I hope this helps!

1 REPLY 1

- Mark as New
- Bookmark
- Subscribe
- Mute
- RSS Feed
- Permalink
- Report Inappropriate Content

Hello @LynnChen

At this time, there is no procedure that provides canned routine for Hansen(2000)'s threshold regression model directly. We may consider this functionality in the future, but at this time, you may consider following options:

For two regimes threshold regression like the following:

you may perform the estimation by looping over all possible gammas(or a grid of gammas) as discussed below:

- Get distinct w_t and sort them. assume they are {w_(i), i=1,…,T}, where w_(i) is the i-th smallest w. (that’s, all w_t are different, and T is the sample size).
- OLS regression y on (x, z), and record SSR as SSR_0.
- For i = 1 to T, OLS regress y on (x, u1, u2), where u1_t=z_t and u2_t=0 if w_t<=w_(i); otherwise, u1_t=0 and u2_t=z_t, and record SSR as SSR_i.
- Find the smallest SSR among SSR_i, i=0, …, T and the corresponding i; that’s, SSR_iStar<=SSR_i for any i.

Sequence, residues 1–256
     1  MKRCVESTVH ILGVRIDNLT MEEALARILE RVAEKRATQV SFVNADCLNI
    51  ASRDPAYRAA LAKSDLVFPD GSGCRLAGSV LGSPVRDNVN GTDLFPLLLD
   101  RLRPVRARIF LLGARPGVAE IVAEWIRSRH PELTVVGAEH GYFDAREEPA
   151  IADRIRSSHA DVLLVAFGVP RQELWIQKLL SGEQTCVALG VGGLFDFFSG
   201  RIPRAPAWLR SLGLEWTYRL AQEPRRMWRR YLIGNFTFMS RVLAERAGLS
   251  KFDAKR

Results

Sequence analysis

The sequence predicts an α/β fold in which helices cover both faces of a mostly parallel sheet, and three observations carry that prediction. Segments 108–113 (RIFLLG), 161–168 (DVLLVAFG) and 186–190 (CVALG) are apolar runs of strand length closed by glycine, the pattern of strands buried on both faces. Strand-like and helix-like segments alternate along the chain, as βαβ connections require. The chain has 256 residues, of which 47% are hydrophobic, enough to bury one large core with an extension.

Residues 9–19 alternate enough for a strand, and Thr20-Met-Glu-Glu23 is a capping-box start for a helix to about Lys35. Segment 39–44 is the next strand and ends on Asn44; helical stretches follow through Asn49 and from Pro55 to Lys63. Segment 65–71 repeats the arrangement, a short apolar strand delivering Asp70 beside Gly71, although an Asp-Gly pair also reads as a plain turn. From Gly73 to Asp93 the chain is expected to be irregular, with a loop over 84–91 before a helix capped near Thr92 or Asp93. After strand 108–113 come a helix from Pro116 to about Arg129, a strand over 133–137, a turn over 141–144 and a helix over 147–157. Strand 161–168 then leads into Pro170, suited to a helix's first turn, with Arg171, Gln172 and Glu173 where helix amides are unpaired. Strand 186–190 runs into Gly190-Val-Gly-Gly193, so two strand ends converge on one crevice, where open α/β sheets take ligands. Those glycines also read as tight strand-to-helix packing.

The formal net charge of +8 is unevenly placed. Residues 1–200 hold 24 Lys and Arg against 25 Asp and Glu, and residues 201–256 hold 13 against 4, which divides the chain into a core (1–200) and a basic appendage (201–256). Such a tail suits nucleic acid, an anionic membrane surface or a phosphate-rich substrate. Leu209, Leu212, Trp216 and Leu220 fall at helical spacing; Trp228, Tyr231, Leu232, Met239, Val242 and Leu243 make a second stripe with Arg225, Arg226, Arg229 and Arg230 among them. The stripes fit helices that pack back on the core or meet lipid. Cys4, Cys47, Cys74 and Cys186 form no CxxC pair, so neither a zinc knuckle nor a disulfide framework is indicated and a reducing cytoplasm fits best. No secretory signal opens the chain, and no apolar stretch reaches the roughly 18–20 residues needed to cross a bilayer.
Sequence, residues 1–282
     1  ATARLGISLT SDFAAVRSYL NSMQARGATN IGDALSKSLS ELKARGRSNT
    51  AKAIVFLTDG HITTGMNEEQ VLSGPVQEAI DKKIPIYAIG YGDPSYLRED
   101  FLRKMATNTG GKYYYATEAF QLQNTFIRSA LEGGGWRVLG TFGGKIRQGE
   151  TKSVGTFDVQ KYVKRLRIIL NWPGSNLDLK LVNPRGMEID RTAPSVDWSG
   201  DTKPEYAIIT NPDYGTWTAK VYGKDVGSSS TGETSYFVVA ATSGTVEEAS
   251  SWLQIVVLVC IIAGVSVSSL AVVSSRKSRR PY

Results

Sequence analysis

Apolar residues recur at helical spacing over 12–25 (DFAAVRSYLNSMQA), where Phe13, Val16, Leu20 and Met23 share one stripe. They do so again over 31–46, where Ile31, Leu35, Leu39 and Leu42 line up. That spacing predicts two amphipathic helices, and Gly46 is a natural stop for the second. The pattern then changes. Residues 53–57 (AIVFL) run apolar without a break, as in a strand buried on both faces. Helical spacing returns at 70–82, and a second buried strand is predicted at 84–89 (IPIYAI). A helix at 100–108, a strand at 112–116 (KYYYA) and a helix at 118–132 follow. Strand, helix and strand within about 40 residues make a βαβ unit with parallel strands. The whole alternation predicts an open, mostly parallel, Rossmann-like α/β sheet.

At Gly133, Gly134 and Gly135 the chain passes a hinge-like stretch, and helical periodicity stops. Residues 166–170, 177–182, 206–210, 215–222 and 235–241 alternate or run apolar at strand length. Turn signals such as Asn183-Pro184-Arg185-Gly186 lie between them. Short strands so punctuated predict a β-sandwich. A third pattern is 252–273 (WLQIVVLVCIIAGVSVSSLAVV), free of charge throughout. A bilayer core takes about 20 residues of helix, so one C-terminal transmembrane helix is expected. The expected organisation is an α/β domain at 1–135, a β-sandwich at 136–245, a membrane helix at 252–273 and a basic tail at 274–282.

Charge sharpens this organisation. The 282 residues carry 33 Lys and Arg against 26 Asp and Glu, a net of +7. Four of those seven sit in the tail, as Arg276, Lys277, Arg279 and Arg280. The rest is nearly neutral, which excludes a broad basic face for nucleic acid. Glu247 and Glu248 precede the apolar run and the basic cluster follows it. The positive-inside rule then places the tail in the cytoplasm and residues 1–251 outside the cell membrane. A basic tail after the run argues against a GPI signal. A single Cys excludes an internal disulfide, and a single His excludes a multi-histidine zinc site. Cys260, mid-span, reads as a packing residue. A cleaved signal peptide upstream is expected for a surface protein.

- If i=0, no regime is needed; otherwise, gamma_hat=w_(iStar)

If T is big, take a grid of w_i; e.g., i might be in the range of 10%*T and 90%*T.

For multiple regimes, the combination of gammas should be looped over---but in that case, maybe the new procedure PROC BART is a better choice,

https://go.documentation.sas.com/doc/en/pgmsascdc/v_027/casstat/casstat_bart_details02.htm

Another alternative is similar to the following PROC MODEL switching regression example:

SAS Help Center: Switching Regression Example

which may provide an easier way to estimate this model, if you can accept that the solution is achieved by approximating the step function as the continuous function ProbNorm(.) --Note that this is a nonlinear optimization problem and the initial values or optimization method might matter.